LCD Soundsystem's Self-Titled Debut at 10: Classic Track-by-Track Album Review
LCD Soundsystem split in 2011, and if bandleader James Murphy keeps his word, that won't be chaining any time soon. If they never play another show, they've left a legacy few bands can touch. They never had any true hits, but they produced three top-notch, critically acclaimed albums and a host of killer singles while hardly ever falling below "damn good" territory. A sold-out farewell show at Madison Square Garden (and four more at New York's Terminal 5) doesn't hurt the legacy, either.
It's hard to pinpoint LCD's breakout to a specific date, since their ascension was marked by a sequence of statement-making singles ("Losing My Edge," "Beat Connection," "Yeah"). But once they did drop a proper full-length -- which just so happened to be 10 years ago today -- LCD, Murphy, and his trendsetting New York label DFA proved they could play the album game, too. For now, stop pining for an LCD reunion and join us on this track-by-track retrospective on their self-titled debut.
Tracks 10 through 16 on the Spotify player were the band's pre-album singles, collected on a bonus disc. They weren't part of the proper album, but go ahead and enjoy those too. We're pretty sure James still hasn't lost his edge.
"Daft Punk Is Playing At My House" - This is the LCD Soundsystem mission statement. It wasn't the first LCD song James Murphy wrote, but it might as well have announced the project.
On the actual debut single -- 2002's "Losing My Edge" -- Murphy jokingly takes the role of the jaded scenester and asserts he was the "first guy playing Daft Punk to the rock kids" (at CBGB's, no less) and how "everyone thought it was crazy." Here, he turns that line into a full-blown fantasy, about suburban kids who raise thousands to fly out the robots for a basement set, presumably with some local hardcore band opening. Like Daft Punk, it's hard to tell if it's pop via dance music or dance music via pop, but does it even matter?
"Too Much Love" - We take a sharp left turn from the giddiness of "Daft Punk" with this dissonant second act and learn that Murphy is hitting us with that old album flow, not just a collection of singles. Over a steamy acid house beat, Murphy laments his mid-30s and not being able to party like he used to. "Daft Punk" was the opening high; this is the come-down.
"Tribulations" - But really, the party is just getting started. "Tribulations" rivals "Daft Punk" as the album's biggest banger, based around a pulsating synth line that first leads thumping verses into subdued choruses. But after a little British Invasion-y guitar solo in the bridge, the final chorus just plain explodes with Murphy shouting the refrain. "Get your payments from the nation for your trials and tribulations," he asserts, apparently linking verses about sex to a chorus about federal tax returns and social welfare.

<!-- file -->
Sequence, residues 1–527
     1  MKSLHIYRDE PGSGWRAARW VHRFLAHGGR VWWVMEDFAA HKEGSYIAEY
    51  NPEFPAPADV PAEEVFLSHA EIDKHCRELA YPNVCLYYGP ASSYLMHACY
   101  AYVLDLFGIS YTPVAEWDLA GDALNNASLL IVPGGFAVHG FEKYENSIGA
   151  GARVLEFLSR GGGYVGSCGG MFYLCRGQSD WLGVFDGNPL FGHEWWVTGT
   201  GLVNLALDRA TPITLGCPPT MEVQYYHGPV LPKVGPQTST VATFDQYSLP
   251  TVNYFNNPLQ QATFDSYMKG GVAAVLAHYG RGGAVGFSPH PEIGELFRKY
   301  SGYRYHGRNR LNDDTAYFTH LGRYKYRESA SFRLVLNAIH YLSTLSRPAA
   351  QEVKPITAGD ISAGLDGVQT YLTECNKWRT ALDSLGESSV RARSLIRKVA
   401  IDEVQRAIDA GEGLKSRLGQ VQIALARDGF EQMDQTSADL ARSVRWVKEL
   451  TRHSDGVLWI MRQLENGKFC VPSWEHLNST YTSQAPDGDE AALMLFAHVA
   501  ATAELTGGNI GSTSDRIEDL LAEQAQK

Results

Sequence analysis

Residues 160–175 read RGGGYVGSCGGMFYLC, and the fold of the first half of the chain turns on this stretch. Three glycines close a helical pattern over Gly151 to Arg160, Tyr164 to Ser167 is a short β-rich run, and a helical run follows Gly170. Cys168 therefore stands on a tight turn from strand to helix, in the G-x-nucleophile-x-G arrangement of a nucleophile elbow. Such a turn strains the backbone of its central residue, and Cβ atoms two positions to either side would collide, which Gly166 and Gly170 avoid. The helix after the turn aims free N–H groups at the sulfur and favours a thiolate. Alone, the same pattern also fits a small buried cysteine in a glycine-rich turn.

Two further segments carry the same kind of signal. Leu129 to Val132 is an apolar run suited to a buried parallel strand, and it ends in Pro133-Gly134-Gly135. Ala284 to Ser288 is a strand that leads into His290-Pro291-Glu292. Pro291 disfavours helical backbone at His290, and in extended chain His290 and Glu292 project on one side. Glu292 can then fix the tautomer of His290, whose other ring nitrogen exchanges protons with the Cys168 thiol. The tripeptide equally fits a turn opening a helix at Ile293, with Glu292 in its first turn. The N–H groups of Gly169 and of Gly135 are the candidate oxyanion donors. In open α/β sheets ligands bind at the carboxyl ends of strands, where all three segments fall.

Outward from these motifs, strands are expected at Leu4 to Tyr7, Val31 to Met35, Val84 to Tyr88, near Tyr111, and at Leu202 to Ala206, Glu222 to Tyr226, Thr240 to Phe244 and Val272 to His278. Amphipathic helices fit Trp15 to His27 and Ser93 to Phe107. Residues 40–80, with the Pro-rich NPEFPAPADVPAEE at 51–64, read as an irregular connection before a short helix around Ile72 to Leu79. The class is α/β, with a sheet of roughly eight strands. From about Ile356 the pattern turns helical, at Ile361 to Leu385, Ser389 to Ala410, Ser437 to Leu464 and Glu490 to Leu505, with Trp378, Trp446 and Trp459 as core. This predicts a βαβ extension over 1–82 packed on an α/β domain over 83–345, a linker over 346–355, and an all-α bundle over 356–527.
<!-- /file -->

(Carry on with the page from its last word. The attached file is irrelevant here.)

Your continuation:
"Movement" - LCD Soundsystem didn't set out to melt faces, but for half a song, they did just that, with one of the filthiest guitar solos this side of Thee Oh Sees and Diarrhea Planet you'll ever hear. A minute of rhythmic blurps and synth claps explode into one of LCD's most out-of-character, yet finest moments.
"Never As Tired As When I'm Waking Up" - After "Movement" cools down, it's here when you realize just how wide the scope of Murphy's ambition is. This track sounds a lot like a later Beatles song, with the psychedelic creep of a Sgt. Pepper track and Murphy trying to hit the high notes.
"On Repeat" - "On Repeat" follows a familiar LCD formula: starting with a sparse, skeletal synth beat, and laying on the production toppings as the song marches forward over a healthy eight minutes. As Murphy wails about pop radio and rich kids, he lets LCD Soundsystem's longest song surge to life. It doesn't stand out in the band's catalog (it's a close cousin of Sound of Silver's "Get Innocuous" and a host of This Is Happening tracks) but it's a sound showing of what they did quite well.
"Thrills" - This is the most left field experimentation you'll find on the album -- a sweaty, distorted sort of Timbaland-gone post punk jab that finds Murphy murmuring in his hedonistic night life alter ego.
"Disco Infiltrator" - Here, Murphy pulls from the buoyant energy of "Tribulations" and crafts another uptempo dance punk jam with influence from all over the DFA influence spectrum. The sonic highlight is the high-pitched gurgle of an ascending synth bubble that ties in the tight disco beat, the cowbell, and the stabs of synthesizer. With his genre-hopping tendencies, Murphy pretty much was the "Disco Infiltrator," anyway.
"Great Release" - This hazy slow-burner is like one of LCD Soundsystem's dance punk bangers melted down to a slower bpm. It's the soundtrack to Murphy riding off into the sunset, only the sun is a disco ball, and it would probably make more sense for it to be the moon going away as night fades into morning. The nine-track album fades into the background, as the last note slowly fades out over the final minute.